Since the Occupational Safety and Health Administration (OSHA) introduced its lockout tagout standard in 1989, it has played a vital role in keeping employees safe on the job. This important safety practice involves de-energizing electrical circuits, closing valves, neutralizing extreme temperatures and securing moving parts so hazardous energy isn’t re-introduced while equipment is being serviced.
Lockout tagout programs do far more than keep workers safe, they:
OSHA’s Control of Hazardous Energy regulation requires that energy sources must be contained during servicing and maintenance to ensure worker safety. Energy sources can include electrical, mechanical, hydraulic, pneumatic, chemical, thermal or other sources in machines and equipment.
A. A typical lockout program can contain over 80 separate elements. To be compliant, a lockout tagout program must include creating, maintaining and updating equipment lists and hierarchies, task-specific procedures and workplace regulations (such as confined space entry requirements.
A. An annual review of lockout procedures is recommended, while some best practices include program standardization, lockout tagout software, annual authorized/affected training (authorized will be more frequent), updating isolation points, management of change, contractor training and device inventory.
A. The host employer often will have greater familiarity with the energy control procedures used at the host facility. However, at 29 CFR §1910.147(f)(2)(i), the standard requires the host and contract employers to inform each other about their respective energy control procedures. Such coordination is necessary to ensure that both sets of employees will be protected from the hazardous energy.
The contractor must take reasonable steps, consistent with its authority, to protect its employees if the contractor knows, or has reason to know, that the host’s energy control procedures are deficient or otherwise insufficient to provide the requisite protection to its employees.
A. Yes, in the standard shipping and receiving areas or docks you will need machine specific written procedures for dock levelers and locks, battery chargers, palletizers, cranes, hoists, and anything hard-wired to an electrical panel will need written lockout tagout procedures.
A. Construction has its own code of regulations so it is not covered in general industry. Agriculture CFR 1928 doesn’t have any mention of lockout tagout, but the NIOSH backed National Ag Safety Database has lockout program recommendations. All the steps follow OSHA 1910.147.
For implementing a program for agriculture, look at all the equipment in the facility and identify isolation points for each piece of equipment. Procedures should be created and devices, locks and tags should be bought to isolate the equipment during servicing. Train your authorized employees on when, how and why they need to lockout while servicing equipment.
A. OSHA has a few letters of interpretations that cover the minor servicing clause. Consider the lockout procedure as the first procedure created for your equipment to know how to completely remove all hazards. Minor tool adjustment should be used for routine tasks done by operators. Standard operating procedures should be created for any minor serving to ensure the operator is not exposed to any hazards during minor servicing.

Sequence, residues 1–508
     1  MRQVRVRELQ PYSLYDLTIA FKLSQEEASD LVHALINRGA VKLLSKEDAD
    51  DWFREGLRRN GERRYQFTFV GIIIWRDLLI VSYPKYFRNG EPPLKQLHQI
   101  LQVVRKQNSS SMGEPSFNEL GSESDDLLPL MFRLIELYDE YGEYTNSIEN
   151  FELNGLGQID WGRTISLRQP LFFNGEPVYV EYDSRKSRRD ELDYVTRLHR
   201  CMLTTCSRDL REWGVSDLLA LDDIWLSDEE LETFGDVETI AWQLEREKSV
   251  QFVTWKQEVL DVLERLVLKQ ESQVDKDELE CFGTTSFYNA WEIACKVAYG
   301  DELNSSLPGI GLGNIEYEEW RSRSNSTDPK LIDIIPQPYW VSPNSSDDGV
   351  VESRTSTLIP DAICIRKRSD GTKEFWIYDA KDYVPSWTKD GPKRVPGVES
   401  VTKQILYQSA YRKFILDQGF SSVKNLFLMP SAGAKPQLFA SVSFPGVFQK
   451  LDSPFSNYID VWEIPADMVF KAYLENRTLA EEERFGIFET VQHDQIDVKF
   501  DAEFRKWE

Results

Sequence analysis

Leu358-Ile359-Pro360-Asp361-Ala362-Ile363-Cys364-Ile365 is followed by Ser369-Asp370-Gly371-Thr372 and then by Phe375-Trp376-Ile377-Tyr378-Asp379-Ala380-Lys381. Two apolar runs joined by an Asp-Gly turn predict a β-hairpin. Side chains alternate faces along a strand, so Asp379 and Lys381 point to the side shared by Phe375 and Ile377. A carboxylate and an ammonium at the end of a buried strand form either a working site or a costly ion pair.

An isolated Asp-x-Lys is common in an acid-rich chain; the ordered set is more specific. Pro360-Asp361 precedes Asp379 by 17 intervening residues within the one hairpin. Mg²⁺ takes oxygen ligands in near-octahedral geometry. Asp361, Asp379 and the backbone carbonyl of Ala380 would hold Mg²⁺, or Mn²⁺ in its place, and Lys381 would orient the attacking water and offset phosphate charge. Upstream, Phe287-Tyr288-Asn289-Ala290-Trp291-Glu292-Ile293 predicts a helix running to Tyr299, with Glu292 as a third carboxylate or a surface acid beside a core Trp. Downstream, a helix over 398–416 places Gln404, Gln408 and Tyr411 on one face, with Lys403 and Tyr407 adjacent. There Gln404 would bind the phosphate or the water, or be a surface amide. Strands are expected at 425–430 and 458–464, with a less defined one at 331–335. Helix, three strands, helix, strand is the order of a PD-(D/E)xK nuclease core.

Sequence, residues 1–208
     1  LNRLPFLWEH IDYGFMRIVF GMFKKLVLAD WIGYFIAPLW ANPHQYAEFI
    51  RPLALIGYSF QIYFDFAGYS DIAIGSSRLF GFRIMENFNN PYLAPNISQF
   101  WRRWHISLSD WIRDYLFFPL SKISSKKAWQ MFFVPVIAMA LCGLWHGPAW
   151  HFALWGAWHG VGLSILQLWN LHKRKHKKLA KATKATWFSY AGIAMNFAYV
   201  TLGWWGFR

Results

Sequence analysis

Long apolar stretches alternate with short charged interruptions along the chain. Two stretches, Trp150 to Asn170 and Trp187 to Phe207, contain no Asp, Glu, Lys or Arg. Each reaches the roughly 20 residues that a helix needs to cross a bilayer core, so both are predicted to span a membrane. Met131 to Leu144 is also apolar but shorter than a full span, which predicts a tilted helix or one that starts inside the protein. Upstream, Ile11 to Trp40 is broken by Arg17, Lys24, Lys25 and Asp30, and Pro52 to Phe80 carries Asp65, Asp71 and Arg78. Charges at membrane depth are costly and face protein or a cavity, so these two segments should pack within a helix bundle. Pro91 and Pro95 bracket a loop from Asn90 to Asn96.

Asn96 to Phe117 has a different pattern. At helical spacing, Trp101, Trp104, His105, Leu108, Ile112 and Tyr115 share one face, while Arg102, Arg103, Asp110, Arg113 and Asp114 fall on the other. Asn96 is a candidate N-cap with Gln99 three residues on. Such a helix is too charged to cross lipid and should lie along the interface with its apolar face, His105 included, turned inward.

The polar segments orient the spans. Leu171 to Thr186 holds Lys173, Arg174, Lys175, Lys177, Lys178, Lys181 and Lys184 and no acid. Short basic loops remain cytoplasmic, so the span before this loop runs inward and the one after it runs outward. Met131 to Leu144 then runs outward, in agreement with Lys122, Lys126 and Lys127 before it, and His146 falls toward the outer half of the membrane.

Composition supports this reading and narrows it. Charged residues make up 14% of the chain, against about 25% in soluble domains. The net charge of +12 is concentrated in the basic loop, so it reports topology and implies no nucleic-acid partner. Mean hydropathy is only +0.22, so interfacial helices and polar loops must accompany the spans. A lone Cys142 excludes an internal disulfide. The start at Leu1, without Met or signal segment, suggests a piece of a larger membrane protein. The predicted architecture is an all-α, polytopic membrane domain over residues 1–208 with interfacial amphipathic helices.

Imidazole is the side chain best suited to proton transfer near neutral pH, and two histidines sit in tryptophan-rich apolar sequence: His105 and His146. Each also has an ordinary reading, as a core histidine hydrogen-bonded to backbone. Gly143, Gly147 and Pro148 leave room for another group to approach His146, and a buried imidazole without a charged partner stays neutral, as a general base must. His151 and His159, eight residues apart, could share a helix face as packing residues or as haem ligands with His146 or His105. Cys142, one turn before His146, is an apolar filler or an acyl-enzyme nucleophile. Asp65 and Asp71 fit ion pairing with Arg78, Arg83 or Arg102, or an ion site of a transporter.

A. Brady offers lockout procedures and tags that are wash-down resistant and metal detectable. We can also assist in developing standard operating procedures for equipment during washdown operations.
A. Lockout tagout paperwork requirements vary by company. Best practices are to have a log of all servicing that requires lockout with sign-out sheets of all isolation devices. Any permits needed to complete the service (hot work, confined space or working at heights) should be copied and kept with the service log.
A. Yes, OSHA allows the grouping of same or similar equipment and procedures to ease the burden of periodic inspections.
A best practice is to have a specific procedure for each individual machine, posted on or near the machine. Even if you have two identical machines, it's still preferred to have a procedure for both. This helps prevent confusion and demonstrates your thoroughness to inspectors.
OSHA specifically outlines in their “Compliance Directive” that this level of detail is optimum and therefore allows the grouping of same/similar procedures and machines to encourage and maintain this high level of safety. The grouped machines must have the same or similar control measures.
A. Some companies develop generic energy control procedures and supplement them with checklists or appendices to address various, distinct equipment. This type of procedure may be considered a single energy control procedure (instead of multiple procedures) for inspection purposes if all of the criteria for grouping same or similar equipment are met. However, if checklists or appendices address equipment that does not all use the same or similar types of control measures, the employer is required to divide machinery and equipment into groups based on the same or similar types of control measures.
Once this is accomplished, an employer may inspect and review the generic energy control procedure in conjunction with each distinct group of equipment referenced in the relevant checklists or appendices.
A. Yes, you need machine-specific procedures for all equipment at your facility, even if contractors are the only people authorized to work on the equipment. Even if there are no authorized employees, training is required for all employees and an annual procedure review needs to be complete, with any changes communicated to the contractors before servicing.
A. Download a sample procedure here.
A. To be exempt, equipment must meet all eight criteria from 1910.147 (c)(4)(i):
A. This is typically all plug and play equipment, such as laptops, office equipment, fans, power tools, portable equipment, and anything that is hardwired and easily isolated with a single power cord or isolation point. Lockout tagout must still be followed, but you do not need a written procedure.